In the news:
Q: We have Microsoft Windows XP. Both our hot-wired PC and laptop freeze up frequently, and when we press Ctrl-Alt-Del we see that iexplore.exe has large volume in one or several locations. When we instruct the system to delete these, the system runs OK again until the iexplore.exe builds up again. If there a way to fix this, and what exactly is iexplore.exe?
— Ron Self
A: The file iexplore.exe is the Internet Explorer program. And, yes, if you’ve got many instances of Internet Explorer open, that can chew up resources enough to affect your performance. If you are connected to websites that are running scripts and delivering lots of content, that can further gum up your performance.
So the first step would be to close Internet Explorer when you’re not using it. The second step would be to make sure you have only one instance of Internet Explorer running at a time and that you’re connecting only to sites you’re actually using.
Rather than using Ctrl-Alt-Delete, I suggest you check what programs are draining resources by calling up the Task Manager. Just right-click on the System Tray and select Start Task Manager.
The Applications tab will show you what programs are running, and if you click on the Processes tab you can see how much resources are being consumed by various programs.
If you click on the Performance tab, you can see a readout of used and available resources.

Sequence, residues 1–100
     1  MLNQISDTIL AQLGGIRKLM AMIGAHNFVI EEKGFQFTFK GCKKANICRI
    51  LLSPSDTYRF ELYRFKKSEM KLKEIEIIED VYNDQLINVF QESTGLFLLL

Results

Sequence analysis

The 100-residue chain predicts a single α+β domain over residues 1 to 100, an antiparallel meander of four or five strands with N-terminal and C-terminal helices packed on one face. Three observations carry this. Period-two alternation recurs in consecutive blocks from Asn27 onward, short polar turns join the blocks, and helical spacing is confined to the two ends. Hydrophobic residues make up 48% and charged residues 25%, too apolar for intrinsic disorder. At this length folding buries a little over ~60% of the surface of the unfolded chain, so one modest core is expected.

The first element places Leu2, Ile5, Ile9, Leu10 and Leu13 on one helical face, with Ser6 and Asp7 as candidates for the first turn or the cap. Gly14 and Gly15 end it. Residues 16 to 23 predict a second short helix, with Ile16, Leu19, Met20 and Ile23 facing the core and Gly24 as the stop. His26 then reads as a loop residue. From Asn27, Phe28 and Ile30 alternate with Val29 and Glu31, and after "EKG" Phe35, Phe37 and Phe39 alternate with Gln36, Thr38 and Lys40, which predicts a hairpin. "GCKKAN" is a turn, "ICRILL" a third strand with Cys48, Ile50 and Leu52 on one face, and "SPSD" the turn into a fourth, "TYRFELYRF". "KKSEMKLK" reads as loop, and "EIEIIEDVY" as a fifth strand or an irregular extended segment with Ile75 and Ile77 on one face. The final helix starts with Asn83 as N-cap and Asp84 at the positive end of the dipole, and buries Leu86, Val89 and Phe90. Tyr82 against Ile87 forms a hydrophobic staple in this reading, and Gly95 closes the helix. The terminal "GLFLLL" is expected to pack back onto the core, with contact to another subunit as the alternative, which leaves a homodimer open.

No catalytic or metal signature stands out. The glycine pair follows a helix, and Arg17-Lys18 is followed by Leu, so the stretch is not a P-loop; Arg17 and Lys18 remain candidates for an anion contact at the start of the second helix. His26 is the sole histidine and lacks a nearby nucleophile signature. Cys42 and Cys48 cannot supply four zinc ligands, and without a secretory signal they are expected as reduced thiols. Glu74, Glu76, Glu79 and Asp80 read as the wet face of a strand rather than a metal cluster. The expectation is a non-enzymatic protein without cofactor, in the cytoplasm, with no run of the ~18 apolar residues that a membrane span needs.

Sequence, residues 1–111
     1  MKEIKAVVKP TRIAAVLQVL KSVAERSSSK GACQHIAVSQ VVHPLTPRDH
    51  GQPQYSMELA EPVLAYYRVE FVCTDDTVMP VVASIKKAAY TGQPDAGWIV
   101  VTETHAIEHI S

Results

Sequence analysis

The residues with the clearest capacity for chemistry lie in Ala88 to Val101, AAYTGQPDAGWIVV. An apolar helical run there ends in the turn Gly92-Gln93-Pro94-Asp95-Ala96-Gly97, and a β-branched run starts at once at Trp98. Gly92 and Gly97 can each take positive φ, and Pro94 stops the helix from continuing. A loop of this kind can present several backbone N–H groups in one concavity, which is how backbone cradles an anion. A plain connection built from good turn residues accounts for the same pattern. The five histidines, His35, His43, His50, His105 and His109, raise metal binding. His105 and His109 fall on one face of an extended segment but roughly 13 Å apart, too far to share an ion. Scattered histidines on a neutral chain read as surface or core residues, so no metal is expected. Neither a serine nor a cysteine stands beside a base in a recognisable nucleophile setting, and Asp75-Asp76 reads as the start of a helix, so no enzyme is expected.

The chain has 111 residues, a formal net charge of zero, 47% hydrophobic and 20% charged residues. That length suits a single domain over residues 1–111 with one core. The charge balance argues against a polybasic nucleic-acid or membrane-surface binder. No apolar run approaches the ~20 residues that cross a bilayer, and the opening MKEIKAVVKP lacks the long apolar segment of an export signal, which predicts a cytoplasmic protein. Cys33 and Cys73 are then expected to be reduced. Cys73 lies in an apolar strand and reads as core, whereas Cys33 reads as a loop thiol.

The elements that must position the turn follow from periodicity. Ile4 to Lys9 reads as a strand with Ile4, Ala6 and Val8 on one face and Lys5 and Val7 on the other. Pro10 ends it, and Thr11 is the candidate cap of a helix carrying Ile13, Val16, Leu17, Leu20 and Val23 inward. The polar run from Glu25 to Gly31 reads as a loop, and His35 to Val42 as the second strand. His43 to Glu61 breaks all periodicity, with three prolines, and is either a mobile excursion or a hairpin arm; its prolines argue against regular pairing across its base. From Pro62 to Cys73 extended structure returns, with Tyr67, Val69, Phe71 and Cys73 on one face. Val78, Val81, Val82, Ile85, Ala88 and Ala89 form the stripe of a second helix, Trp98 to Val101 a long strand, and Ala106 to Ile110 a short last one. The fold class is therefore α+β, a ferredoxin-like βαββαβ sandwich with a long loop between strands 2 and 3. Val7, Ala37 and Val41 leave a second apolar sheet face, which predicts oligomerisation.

If you need more detail, just click on the Resource Monitor button.
Q: A friend of mine often sends emails with an attachment, in the form winmail.dat. I use Mozilla Thunderbird for my email, and I can’t open these attachments. I keep telling her to send them in a different format, but she keeps telling me to use Outlook instead. I don’t have Outlook installed. Is there a way I can convert these winmail.dat files to a different format to read them?
— Anita Legsdin, Seattle
A: The winmail.dat file resembles a typical attachment but just carries formatting information. It appears only if your email client isn’t set up to display a message that arrives in Outlook’s RTF format.
One solution is to ask your friend to send in plain text format. Or, if you’re happy with the formatting of the emails from your friend, just ignore the winmail.dat attachment.
Q: Is there a function that you can use to alphabetize each favorite listing in each directory in IE7? I am using it with XP.
— Don Tuttle, Everett
A: In Internet Explorer 7, just click on the Add to Favorites button, then right-click on any item, and then click Sort by Name. But why not upgrade to Internet Explorer 9? It’s free and more secure. And all you need to do to sort favorites is right click on a favorite in any folder and then click on Sort by Name.
Q: I use Firefox to access my Earthlink and Gmail accounts. I have been getting a page loading behind my email, so when I close the two different accounts I either get a note from McAfee suggesting that I not go to a page (that I have not asked to go to at all ever) or I get a page for an ad for porn loaded on my computer.
I have run my virus protection scan, but it found nothing. I have run my Windows Defender, which also found nothing. Can you suggest something for me to do? I am worried it is a virus doing other things on my computer.
— Stefan Merken, Seattle
A: There are lots of types of malware that anti-virus software won’t catch. It sounds to me like you have a piece of redirection malware, but probably not a harmful one.
I’d suggest downloading MalwareByte’s Antimalware and running a scan.
They offer a free version at www.malwarebytes.org.
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